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Commentary: A pain-filled debate over Prop 8

It comes down to your perspective.

Many of us were fascinated by the spectacle of California Supreme Court justices debating the polarizing issue of gay marriage.

It reinforced our belief in the power of ideas argued with respect for the rule of law.

The passionate sometime spew bile when discussing Proposition 8 – the voter-approved initiative that bans same-sex marriage in California. But it was different when the matter was argued before the state's highest court.

"I have been blessed (with being) in the presence of popes, presidents, governors and royalty. (This) left me with a similar feeling of awe," said Frank Schubert, the Sacramento consultant who ran the successful Yes on Prop. 8 campaign. "Here I am with a front row seat, 20 feet from seven people in whom we entrust vast power, counting on them to exercise that power with wisdom. This is the ultimate personification of the 'consent of the governed.' "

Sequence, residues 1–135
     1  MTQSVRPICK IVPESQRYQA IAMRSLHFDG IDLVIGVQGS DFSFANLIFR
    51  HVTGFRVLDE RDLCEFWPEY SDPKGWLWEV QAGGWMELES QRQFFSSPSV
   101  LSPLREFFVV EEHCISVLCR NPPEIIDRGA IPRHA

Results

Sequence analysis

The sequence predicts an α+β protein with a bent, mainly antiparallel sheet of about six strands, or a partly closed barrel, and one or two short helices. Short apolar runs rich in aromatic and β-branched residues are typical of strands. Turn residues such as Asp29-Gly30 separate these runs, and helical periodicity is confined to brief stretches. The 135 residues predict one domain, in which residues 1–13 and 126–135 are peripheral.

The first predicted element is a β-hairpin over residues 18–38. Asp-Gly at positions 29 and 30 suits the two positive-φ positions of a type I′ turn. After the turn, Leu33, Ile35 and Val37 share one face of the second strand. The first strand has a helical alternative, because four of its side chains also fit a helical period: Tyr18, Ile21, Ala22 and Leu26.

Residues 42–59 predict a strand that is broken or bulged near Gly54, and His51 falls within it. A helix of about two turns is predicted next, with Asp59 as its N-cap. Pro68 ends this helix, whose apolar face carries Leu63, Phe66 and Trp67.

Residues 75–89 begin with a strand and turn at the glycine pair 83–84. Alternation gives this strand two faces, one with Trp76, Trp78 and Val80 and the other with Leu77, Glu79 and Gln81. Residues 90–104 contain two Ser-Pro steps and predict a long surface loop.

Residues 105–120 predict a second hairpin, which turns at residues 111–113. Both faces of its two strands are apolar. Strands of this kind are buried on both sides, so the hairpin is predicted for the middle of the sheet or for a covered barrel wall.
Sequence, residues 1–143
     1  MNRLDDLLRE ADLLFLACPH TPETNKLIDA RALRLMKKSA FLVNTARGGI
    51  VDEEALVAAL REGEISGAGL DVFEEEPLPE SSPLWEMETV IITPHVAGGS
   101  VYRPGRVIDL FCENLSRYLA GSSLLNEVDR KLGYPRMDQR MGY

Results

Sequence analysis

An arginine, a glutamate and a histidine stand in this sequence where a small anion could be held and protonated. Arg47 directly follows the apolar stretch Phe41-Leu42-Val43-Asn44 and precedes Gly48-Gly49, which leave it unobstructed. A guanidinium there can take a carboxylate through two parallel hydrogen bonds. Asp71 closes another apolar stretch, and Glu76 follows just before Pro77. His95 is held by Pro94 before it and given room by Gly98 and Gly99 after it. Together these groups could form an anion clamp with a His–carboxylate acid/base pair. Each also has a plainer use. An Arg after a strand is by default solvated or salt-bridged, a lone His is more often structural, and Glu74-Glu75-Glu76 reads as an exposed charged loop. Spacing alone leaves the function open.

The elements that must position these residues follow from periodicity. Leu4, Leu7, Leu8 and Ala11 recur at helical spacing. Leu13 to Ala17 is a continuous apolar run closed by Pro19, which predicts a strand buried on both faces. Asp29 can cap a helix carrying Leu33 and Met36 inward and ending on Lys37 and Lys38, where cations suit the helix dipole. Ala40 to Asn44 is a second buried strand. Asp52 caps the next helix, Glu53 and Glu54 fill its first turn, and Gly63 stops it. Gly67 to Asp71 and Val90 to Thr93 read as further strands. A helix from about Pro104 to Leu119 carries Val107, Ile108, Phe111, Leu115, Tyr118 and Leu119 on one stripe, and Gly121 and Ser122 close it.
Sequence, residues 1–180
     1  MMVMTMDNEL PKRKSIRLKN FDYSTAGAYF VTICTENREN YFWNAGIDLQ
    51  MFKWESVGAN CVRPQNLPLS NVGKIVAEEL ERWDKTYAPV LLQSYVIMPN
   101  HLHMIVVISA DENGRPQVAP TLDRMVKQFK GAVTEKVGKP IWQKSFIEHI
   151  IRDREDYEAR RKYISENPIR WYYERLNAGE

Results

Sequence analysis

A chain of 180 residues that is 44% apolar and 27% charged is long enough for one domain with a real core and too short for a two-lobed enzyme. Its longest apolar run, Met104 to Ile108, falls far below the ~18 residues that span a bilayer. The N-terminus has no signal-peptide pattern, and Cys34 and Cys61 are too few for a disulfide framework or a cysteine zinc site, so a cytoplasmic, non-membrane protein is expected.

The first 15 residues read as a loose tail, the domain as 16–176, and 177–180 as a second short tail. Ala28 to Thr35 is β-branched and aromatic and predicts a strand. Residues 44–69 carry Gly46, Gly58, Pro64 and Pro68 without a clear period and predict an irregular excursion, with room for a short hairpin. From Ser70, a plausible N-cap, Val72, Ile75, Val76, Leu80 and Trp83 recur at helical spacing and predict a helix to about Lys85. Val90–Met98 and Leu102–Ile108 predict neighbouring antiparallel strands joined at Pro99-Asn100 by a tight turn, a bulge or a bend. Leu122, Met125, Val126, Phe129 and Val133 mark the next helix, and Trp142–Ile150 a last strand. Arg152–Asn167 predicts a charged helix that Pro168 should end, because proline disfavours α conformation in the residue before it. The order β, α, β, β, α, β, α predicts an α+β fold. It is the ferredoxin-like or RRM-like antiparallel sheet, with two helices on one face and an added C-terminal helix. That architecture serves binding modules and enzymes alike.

It was, depending on your perspective.

In Placerville, Charlotte Higgins avoided the historic proceedings completely, even though she is married to another woman.

Thursday's hearing was about Higgins' life. Consequently, she couldn't watch in detached awe. She decided it would be impossible to marvel at legal theories directly related to her expression of love.

Honestly. These are extraordinary times.

Hollywood perverts the idea of marriage with pimped-up odes to matrimony – "Who Wants to Marry a Millionaire?"

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